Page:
BROADEST: Even absent proof that Defendant had any intent to cause harmful (or offensive) contact with the Plaintiff's person, liability for any intentional tort can also be established where the Defendant is shown to have acted with knowledge to a substantial certainty that [harmful or offensive bodily] contact to the Plaintiff’s person will occur.
What has changed by articulating such a broad statement of the holding? Notice that since “battery” is only ONE of many different intentional torts, the holding is now expanded to include ALL INTENTIONAL TORTS as well as just the tort of “battery.” BUT, is this now really a correct statement of the law? Has it expanded the concept of IMPLIED INTENT (addressed by the Garratt case) too far, so that this broader statement is no longer event an accurate statement?
NARROWEST: Liability for a “battery" possibly can be established by proof that the Defendant acted with knowledge to a substantial certainty that [harmful or offensive bodily] contact to the Plaintiff’s person will occur.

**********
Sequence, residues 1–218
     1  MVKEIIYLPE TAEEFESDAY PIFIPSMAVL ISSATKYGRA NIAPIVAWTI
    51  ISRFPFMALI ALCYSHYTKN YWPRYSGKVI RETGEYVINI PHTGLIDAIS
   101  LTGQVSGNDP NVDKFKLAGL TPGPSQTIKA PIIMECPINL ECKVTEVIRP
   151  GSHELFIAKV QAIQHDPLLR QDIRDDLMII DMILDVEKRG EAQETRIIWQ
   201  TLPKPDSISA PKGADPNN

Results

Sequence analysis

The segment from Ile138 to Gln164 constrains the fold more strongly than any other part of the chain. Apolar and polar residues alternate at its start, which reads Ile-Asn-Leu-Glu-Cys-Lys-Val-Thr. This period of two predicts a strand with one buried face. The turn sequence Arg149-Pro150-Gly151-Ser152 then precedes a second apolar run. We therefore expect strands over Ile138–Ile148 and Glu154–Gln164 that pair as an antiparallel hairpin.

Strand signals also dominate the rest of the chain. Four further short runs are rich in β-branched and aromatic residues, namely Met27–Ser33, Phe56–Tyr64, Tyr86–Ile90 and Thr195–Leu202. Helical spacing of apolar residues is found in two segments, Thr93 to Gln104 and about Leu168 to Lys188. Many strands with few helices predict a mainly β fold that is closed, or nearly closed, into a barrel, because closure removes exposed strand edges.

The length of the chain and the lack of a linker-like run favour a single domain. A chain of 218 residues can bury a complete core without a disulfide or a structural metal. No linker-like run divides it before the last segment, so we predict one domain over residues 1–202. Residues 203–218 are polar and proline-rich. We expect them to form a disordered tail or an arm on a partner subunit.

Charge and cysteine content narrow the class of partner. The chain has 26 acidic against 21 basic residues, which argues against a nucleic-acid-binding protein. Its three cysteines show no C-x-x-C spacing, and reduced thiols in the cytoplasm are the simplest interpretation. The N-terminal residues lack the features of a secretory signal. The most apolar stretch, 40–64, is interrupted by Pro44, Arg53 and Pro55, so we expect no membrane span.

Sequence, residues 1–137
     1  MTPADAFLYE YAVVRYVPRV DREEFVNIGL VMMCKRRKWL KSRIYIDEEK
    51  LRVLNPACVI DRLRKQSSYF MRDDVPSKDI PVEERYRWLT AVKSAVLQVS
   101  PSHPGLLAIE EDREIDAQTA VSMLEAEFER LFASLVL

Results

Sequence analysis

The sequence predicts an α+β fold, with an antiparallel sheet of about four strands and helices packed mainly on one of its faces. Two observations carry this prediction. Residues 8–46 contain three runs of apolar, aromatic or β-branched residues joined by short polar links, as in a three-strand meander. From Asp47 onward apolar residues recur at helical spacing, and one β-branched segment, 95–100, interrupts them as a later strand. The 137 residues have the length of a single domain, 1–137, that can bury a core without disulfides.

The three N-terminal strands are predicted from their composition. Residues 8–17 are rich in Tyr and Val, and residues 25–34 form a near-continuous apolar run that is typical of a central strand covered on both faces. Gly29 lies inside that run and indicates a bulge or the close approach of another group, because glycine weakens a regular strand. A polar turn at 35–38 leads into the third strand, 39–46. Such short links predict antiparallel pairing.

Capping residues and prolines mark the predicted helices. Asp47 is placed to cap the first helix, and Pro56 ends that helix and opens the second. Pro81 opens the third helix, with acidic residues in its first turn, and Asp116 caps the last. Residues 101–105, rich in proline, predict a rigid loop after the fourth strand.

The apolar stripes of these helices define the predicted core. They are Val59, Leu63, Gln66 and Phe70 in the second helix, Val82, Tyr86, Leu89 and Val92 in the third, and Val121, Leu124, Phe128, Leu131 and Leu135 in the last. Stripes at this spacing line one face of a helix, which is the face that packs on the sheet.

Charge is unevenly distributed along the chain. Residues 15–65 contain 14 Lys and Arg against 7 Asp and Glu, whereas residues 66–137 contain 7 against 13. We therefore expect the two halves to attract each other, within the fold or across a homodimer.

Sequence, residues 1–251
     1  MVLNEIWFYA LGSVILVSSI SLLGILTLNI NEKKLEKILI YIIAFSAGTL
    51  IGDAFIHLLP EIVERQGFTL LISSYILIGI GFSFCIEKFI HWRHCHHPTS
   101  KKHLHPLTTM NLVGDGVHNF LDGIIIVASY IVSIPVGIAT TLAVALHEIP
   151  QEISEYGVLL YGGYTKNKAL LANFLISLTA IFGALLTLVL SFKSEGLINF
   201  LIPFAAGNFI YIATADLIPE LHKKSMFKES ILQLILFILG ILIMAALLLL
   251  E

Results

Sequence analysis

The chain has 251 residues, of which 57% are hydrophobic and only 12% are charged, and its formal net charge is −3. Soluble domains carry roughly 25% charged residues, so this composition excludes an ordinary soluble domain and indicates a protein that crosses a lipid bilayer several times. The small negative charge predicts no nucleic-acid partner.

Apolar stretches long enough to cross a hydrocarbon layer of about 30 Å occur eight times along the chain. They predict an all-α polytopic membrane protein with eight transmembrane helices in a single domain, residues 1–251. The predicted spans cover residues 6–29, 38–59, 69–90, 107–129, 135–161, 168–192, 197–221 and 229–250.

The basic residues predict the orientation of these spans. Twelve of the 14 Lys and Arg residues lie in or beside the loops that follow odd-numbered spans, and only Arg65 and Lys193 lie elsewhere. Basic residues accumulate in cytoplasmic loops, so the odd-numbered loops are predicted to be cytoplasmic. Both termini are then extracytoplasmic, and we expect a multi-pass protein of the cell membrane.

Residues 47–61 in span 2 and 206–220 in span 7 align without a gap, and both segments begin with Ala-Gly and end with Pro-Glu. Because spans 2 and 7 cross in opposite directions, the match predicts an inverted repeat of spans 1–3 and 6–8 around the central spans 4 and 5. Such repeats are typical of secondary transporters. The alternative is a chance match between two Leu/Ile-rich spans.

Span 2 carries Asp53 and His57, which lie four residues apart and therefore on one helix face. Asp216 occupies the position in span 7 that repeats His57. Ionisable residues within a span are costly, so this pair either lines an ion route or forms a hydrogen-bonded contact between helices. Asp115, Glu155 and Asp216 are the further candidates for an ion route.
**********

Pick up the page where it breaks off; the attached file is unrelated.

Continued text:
What has changed by articulating such a narrow statement of the holding? Notice that this statement now ONLY applies to the tort of “battery.” This means that the applicability of the concept of “implied” intent now must be separately determined with respect to every other type of intentional tort. This may avoid some of the problems created by articulating the “holding” TOO broadly (as in the situation supra. BUT, is this statement of the holding now TOO narrow?
And, there is another problem with this NARROW statement of the holding in the Garratt case. Notice it uses “possibly can” language instead of CAN (as in the BROAD statement of the holding, supra.) Technically, this may be a bit more accurate in respect to what the Garratt court actually did (since it did remand the case for further factual consideration), but by including such a narrow limitation, the potential precedential effect of the Garratt is very much weakened.
As indicated by these examples, supra, there are both advantages and disadvantages of stating the "Holding" of any appellate decision in either the BROADEST or the NARROWEST manner. Thus, when articulating the specific "Holding" of any case, you should consider what effect either approach may have on the overall efficacy of the "rule(s)" that eventually may be derived from that "Holding."